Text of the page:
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But any apparent moment of legal clarity was soon hazed over by the end of Bland's ruling.
Rather than deciding whether Oyer and Kaumans could take Suco home or the city would take permanent custody, Bland left Suco's fate up in the air. Initially, he ordered the chimp to be removed from city limits, handing the owners an apparent victory. But Wilcher asked Bland to reconsider, on the grounds that the city had the right to give the chimp to a sanctuary or a zoo because the ordinance had been violated.
The ordinance states, in part, that if an animal that's declared to be dangerous is found within city limits, "it will be immediately seized and promptly destroyed or disposed of in some other manner ... including but not limited to giving such animal to a licensed refuge or zoo." Bland changed his ruling to state that Suco should be in the possession of Oyer, Archigo and Kaumans or somebody else legally allowed to possess her — apparently keeping her at the zoo.
The ruling left both the prosecution and Suco's owners a little baffled. While speaking to reporters outside the courthouse, Oyer asked the question on everybody's mind: "They said all we have to do is pick her up and get her out of here, right?"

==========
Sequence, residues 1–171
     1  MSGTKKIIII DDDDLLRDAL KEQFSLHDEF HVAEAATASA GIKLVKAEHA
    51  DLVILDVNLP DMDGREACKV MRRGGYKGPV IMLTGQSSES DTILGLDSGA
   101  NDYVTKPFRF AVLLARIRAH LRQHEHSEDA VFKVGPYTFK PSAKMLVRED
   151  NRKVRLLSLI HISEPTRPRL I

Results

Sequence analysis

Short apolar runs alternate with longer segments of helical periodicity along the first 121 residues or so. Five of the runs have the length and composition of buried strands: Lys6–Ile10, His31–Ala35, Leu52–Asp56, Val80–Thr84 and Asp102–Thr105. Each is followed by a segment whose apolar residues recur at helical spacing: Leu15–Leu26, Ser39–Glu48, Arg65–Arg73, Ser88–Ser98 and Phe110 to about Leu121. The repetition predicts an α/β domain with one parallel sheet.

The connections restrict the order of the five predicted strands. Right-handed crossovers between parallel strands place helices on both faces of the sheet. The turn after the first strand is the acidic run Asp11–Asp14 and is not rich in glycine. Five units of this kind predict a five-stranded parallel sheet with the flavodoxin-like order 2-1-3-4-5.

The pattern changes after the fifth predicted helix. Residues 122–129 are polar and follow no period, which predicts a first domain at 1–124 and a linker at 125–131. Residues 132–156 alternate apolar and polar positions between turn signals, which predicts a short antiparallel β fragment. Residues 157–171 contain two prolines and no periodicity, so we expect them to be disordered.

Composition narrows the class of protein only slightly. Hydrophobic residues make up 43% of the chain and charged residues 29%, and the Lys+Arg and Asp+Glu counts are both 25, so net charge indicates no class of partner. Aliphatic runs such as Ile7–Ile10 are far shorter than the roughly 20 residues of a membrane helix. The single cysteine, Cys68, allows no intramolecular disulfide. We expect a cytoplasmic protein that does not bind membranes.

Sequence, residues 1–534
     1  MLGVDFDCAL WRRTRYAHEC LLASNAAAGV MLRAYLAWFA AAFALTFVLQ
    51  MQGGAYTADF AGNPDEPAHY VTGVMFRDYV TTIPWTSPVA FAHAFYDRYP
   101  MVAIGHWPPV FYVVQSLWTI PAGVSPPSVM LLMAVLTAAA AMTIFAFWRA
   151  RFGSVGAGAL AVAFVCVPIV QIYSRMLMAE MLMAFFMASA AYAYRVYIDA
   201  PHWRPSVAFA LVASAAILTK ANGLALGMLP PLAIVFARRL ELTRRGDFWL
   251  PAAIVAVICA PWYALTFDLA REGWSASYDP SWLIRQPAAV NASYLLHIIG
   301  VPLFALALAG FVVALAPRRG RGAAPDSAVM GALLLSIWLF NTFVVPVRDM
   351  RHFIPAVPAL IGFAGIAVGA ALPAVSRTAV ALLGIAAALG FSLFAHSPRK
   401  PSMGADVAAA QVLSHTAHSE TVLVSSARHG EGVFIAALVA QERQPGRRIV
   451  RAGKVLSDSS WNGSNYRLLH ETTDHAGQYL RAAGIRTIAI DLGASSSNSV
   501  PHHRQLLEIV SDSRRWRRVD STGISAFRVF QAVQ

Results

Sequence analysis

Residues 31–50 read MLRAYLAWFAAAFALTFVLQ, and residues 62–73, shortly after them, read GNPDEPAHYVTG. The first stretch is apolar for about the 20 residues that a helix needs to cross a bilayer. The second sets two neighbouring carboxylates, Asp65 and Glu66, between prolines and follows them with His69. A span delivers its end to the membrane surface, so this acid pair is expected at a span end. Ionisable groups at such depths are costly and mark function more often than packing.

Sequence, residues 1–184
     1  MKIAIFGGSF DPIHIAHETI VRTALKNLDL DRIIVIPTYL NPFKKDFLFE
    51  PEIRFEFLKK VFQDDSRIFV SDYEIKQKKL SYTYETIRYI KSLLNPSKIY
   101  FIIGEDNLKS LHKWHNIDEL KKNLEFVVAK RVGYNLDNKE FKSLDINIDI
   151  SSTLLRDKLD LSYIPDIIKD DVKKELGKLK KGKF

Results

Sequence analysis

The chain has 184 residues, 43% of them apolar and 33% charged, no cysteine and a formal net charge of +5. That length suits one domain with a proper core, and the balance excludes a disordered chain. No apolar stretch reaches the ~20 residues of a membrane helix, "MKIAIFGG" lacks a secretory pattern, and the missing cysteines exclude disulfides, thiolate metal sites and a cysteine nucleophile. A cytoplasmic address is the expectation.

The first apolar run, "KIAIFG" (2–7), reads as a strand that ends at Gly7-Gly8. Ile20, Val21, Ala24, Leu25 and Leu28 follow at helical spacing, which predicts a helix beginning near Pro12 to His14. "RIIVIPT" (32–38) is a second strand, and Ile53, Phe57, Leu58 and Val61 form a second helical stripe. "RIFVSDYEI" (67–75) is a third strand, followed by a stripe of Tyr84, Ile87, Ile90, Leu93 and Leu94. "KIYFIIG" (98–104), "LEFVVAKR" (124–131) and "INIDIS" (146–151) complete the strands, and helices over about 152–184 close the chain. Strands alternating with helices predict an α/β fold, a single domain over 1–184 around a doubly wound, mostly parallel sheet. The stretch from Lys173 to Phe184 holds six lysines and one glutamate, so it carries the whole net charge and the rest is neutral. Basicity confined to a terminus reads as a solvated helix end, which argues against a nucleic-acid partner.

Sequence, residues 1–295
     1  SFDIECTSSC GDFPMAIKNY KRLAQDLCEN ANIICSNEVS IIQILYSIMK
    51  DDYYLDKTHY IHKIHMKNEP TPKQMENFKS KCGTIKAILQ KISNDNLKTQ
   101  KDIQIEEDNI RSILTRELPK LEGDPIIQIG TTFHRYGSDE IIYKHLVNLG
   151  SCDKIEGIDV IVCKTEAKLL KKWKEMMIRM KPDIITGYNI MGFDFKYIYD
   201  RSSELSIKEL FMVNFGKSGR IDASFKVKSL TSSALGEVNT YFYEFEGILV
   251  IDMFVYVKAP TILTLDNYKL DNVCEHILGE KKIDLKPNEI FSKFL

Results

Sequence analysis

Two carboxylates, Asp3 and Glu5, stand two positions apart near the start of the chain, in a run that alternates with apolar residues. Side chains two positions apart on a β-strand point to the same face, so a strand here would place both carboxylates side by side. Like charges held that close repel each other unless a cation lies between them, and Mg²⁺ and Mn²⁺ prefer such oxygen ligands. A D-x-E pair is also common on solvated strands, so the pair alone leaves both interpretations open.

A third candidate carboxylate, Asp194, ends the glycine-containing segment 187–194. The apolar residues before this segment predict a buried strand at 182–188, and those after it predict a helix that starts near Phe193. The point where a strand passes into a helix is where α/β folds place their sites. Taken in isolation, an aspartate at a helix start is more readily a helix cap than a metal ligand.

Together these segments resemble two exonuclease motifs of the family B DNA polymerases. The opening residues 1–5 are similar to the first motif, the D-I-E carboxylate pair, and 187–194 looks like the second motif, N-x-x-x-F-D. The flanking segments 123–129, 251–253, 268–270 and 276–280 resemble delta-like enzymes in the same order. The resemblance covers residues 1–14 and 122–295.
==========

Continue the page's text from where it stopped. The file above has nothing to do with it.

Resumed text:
Wilcher had a different interpretation of Bland's order, saying the city followed the law by delivering Suco to the zoo, and that's where she would stay.
"The city is not releasing [Suco] at this point, unless they get an order by the court otherwise," Wilcher said.
And the city doesn't think that will happen.
Kansas City's director of Neighborhood and Community Services, David Park, says the city is going to keep Suco at the zoo permanently. He says the city declared Suco a dangerous animal after a biting-and-scratching incident in 1994, after which the city briefly took possession of her. Oyer says it was never proved that Suco harmed anybody, and the city returned the chimp to her owners. The city changed its animal ordinances in 1995, prohibiting people from keeping or harboring primates within the city. With the ordinance change came a grim warning from the city. Officials notified the chimp's owners that if Suco was found within city limits again, she would be put down.
Oyer still claims that Suco is always kept beyond city limits, and that the chimp's long history of interacting with humans shows she isn't a danger to anybody.
Oyer says he got Suco in 1989, when she was a baby.
"It was an idea I came up with for an edge for my tree service," he says of the company he owned called Monkey Tree Service. "Originally, when I used to do it, she'd go up in the tree with me. She always came up in the tree with me, and we trimmed it down," he recalls.
In the tree or in the truck, the chimp proved to be a powerful marketing tool. "Let's say I trimmed your trees. What are you going to be talking about the next day?" he asks.
Suco even beat out good old-fashioned sex appeal.
"I've had some really good-looking gals. I've put them in their sports bras, and get 'em out there and have them rake up the yard and what have you. Nobody would be looking at the girls. They'd be looking at that chimp," he says.